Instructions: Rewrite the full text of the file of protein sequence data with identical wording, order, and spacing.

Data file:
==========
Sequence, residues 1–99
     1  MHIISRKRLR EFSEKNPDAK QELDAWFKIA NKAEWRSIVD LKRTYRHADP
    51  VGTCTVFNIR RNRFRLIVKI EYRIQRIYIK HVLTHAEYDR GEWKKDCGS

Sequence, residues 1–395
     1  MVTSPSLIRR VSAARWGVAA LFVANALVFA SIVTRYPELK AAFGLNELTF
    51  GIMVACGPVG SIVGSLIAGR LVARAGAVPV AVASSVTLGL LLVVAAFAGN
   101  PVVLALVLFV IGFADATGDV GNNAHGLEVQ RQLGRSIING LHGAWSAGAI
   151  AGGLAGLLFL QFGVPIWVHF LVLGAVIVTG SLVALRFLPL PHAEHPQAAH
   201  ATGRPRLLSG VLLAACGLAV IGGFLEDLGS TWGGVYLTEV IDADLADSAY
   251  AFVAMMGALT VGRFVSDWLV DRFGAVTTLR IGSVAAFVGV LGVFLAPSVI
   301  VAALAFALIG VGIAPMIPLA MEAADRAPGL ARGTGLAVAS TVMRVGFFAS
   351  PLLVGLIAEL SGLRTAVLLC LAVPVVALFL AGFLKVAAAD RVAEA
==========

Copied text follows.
Sequence, residues 1–99
     1  MHIISRKRLR EFSEKNPDAK QELDAWFKIA NKAEWRSIVD LKRTYRHADP
    51  VGTCTVFNIR RNRFRLIVKI EYRIQRIYIK HVLTHAEYDR GEWKKDCGS

Sequence, residues 1–395
     1  MVTSPSLIRR VSAARWGVAA LFVANALVFA SIVTRYPELK AAFGLNELTF
    51  GIMVACGPVG SIVGSLIAGR LVARAGAVPV AVASSVTLGL LLVVAAFAGN
   101  PVVLALVLFV IGFADATGDV GNNAHGLEVQ RQLGRSIING LHGAWSAGAI
   151  AGGLAGLLFL QFGVPIWVHF LVLGAVIVTG SLVALRFLPL PHAEHPQAAH
   201  ATGRPRLLSG VLLAACGLAV IGGFLEDLGS TWGGVYLTEV IDADLADSAY
   251  AFVAMMGALT VGRFVSDWLV DRFGAVTTLR IGSVAAFVGV LGVFLAPSVI
   301  VAALAFALIG VGIAPMIPLA MEAADRAPGL ARGTGLAVAS TVMRVGFFAS
   351  PLLVGLIAEL SGLRTAVLLC LAVPVVALFL AGFLKVAAAD RVAEA